This blog posting marks the first in a series of posts documenting the process of narrowing down a research interest and developing a research question for my Masters of Education in Educational Technology final project. You can follow my journey by selecting the tag, ‘Research Focus’ on the sidebar.
Educational technology combines learning theory with science and technology resources to assist learners to meet individual and collective goals. I see the power educational technology can have on our world when we use it to create more efficient and effective ways of doing things rather than use technology as a substitute for an existing task. I like to think that our world is a little more connected. Thanks to technology and science, learning can happen anytime and anywhere across cultures and, time zones, political boundaries, and languages barriers.
At this point of the journey, I have several areas of research interest, which include networked learning and the sharing of knowledge, motivation, engagement, and inquiry learning. I am fascinated by what the future of schools might look like as we continue to make advances in science and technology, and I am inspired by leaders in my field such as Will Richardson, Sugata Mitra. Will Richardson envisions a different kind of school than that which exists in many public schools in North America today. He champions a school based on discovery rather than delivery. I agree with his philosophy about, “Asking questions, working with others to find the answers, doing real work for real audiences, and adding to, not simply taking from, the storehouse of knowledge that the Web is becoming.” Sugata Mitra’s work with The School In The Cloud and his research on self-organized learning is also intriguing. Gaining learner attention and attempting to sustain it through intrinsic motivation is one of the most challenging aspects of my job. I believe part of the problem is that school isn’t relevant enough for some of the students I teach. Technology and science can, in my mind, work towards making school more relevant when combine with inquiry and choice learning.
One idea I am currently exploring for my final project focuses on the sharing of knowledge. I often end up asking myself the question, who has the knowledge? And how do I access it? An idea I am pursuing involves developing a skill/knowledge repository or database that would connect teachers, students, parents, and their community together. For example, let’s say I am a teacher who is looking to develop their numeracy practice. Who has the knowledge/skills in their school, district, or community, and how do we connect those people together. If I have a classroom teacher and one of my students expresses an interest in animal biology, who can I connect them with, in the community, so they can continue their passion for learning about the subject. It boils down to my belief that it takes more than a classroom teacher to educator a child. I believe that there are people within and outside of the education system with valuable skills and knowledge who would be more than willing to share their knowledge and time, free of charge, if they knew what they had to offer was sort after. A skill repository database would allow teachers to mentor each other and work on their craft. For example, if I am a teacher looking to rework my science lessons based on new brain research or changing Ministry of Education curriculum guidelines, but science is not my speciality I could use the database to find a local teacher to mentor me. In contrast, those offering to share their knowledge and have their skills included in the database would have the freedom to advertise how they would like to mentor. I imagine some people would be more than happy to open up their classroom and invite teachers/students in to see work in practice while others might be more conformable meeting at a coffee shop to share resources. Flexibility and convenience are the keys to developing such an idea.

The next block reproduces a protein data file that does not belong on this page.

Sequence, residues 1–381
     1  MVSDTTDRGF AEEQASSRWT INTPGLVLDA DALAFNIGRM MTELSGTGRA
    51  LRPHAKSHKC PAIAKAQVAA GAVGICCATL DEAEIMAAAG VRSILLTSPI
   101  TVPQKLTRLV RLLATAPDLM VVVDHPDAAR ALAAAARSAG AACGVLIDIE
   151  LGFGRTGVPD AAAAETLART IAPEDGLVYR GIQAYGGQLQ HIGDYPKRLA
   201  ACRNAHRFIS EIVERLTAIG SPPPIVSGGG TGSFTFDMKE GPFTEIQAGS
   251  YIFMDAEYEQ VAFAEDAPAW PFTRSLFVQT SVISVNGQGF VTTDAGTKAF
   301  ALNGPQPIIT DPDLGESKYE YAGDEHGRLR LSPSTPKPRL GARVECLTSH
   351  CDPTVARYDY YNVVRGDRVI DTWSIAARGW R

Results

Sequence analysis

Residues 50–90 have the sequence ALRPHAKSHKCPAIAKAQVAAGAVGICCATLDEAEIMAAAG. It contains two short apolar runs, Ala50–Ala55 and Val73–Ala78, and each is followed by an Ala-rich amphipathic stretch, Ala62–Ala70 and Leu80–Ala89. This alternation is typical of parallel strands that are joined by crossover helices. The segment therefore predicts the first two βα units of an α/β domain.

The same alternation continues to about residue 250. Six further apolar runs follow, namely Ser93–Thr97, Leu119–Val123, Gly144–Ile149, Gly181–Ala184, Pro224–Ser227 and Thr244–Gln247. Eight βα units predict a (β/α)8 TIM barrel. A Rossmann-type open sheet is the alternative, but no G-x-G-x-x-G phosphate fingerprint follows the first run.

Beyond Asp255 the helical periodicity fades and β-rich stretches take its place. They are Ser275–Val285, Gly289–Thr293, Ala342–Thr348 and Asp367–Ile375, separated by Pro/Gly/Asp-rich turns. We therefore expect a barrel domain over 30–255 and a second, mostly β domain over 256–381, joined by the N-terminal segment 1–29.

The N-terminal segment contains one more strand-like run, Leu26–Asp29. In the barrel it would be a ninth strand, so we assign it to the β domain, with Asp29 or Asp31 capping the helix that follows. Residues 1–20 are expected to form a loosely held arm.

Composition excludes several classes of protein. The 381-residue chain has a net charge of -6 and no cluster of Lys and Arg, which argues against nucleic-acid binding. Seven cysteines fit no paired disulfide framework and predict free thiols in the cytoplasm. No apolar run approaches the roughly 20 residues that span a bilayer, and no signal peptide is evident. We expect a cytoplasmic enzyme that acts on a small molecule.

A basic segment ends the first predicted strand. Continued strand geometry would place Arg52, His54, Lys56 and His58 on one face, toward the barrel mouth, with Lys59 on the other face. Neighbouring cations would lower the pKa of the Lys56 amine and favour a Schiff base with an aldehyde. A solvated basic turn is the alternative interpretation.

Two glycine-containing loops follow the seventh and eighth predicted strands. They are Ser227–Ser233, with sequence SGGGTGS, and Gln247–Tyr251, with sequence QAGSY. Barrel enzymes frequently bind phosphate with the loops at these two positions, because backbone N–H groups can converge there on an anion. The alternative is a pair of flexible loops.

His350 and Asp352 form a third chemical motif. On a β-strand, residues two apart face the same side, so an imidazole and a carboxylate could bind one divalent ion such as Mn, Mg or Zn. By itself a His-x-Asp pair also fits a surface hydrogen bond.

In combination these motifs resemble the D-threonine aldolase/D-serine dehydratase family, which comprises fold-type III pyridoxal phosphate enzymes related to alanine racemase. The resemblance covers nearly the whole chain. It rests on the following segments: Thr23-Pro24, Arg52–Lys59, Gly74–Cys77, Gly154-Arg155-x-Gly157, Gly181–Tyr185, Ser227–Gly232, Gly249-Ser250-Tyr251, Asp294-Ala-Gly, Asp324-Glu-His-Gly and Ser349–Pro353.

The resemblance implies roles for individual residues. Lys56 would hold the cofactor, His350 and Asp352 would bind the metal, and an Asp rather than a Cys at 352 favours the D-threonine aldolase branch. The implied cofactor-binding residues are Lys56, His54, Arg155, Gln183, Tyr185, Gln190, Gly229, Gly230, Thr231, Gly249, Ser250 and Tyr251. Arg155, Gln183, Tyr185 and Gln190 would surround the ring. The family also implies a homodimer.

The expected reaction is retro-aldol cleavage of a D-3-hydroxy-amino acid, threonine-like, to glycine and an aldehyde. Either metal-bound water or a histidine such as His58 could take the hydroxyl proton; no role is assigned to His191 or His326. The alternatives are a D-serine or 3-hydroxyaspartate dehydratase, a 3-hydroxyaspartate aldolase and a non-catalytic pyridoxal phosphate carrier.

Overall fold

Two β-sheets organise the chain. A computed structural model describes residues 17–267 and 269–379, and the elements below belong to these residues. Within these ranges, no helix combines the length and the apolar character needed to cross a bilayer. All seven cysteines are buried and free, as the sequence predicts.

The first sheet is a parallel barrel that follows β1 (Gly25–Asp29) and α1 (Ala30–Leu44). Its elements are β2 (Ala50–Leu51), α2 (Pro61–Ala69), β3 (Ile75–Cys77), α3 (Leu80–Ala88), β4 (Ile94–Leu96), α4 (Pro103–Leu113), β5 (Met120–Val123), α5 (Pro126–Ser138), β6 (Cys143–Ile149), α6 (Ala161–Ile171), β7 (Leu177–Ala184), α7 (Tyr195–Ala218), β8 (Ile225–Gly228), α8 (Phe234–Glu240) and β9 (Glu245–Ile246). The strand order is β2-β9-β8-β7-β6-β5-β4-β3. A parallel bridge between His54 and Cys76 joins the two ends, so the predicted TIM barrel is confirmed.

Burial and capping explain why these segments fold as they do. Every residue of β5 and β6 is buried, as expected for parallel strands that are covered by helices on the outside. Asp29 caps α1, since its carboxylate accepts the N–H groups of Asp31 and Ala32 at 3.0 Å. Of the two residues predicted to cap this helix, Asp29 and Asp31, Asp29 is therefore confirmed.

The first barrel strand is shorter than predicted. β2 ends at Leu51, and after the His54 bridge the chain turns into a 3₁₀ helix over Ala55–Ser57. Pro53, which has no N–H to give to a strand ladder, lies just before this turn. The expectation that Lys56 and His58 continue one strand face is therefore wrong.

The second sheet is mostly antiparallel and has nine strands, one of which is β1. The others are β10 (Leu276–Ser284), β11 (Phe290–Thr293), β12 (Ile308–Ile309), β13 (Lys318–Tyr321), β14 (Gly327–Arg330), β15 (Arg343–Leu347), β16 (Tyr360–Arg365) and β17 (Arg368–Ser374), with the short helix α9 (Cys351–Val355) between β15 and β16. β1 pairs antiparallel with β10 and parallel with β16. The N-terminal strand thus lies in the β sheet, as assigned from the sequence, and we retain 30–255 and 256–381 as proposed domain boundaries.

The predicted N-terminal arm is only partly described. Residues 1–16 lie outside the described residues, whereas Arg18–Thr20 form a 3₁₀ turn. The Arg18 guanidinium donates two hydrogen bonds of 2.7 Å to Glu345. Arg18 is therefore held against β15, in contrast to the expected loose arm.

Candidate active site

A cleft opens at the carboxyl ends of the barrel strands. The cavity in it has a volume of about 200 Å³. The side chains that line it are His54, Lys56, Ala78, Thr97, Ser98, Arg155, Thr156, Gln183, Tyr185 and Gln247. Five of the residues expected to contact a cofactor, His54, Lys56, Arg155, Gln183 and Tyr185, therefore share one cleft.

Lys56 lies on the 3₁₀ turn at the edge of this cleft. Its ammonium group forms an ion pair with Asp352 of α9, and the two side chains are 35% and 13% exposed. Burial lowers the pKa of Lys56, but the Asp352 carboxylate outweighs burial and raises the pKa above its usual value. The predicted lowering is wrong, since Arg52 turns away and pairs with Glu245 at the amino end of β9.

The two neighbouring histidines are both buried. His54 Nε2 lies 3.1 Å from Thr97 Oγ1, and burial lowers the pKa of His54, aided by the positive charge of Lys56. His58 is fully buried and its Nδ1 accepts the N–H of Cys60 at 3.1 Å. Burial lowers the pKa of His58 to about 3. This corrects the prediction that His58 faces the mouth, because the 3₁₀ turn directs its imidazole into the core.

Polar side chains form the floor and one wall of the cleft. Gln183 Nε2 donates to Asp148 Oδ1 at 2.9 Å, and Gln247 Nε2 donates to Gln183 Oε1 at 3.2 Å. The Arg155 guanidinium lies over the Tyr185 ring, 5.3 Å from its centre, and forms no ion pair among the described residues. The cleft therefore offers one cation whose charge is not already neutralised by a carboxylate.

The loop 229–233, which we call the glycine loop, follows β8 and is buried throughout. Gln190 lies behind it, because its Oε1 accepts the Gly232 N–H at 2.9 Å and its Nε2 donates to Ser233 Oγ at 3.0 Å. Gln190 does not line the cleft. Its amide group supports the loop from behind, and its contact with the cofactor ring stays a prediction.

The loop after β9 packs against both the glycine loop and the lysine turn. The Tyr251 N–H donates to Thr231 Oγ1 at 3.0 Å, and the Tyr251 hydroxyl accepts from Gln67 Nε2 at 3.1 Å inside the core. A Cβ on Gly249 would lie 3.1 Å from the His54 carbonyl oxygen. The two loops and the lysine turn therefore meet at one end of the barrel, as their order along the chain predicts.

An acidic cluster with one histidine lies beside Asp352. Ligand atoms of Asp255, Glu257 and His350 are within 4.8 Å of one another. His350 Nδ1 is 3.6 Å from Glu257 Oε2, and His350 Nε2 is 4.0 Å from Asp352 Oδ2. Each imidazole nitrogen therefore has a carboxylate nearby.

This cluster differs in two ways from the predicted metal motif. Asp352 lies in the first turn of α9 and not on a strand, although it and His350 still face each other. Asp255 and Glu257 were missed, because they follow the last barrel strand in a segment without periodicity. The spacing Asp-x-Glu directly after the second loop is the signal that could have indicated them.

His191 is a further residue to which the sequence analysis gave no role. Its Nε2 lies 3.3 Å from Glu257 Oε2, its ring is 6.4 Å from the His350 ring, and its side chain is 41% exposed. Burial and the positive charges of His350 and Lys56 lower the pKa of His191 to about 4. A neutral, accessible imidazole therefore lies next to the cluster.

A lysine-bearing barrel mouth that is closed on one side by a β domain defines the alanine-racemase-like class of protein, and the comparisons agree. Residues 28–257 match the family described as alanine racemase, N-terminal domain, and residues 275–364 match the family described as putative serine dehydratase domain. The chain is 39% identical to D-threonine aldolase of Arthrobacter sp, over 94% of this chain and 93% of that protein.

There are many learning theories, which complement my pedagogy and represent a suitable framework from which to pursue my project, but I’m having difficulty narrowing them down. Educational technology lends itself well to the constructivist and motivational and humanists learning theories. I like Mihály Csíkszentmihályi’s Flow Theory were participants who are engaged in an activity that is suitably challenging experience of sustained periods of focus and active engagement. In this mental zone, learners stay motivated and experience high levels of enjoyment.
I have made the decision to share, openly, the process of developing my MEd document and final project, and it can view here. There isn’t much in it now, but by this time next year it should be well on the way to being completed.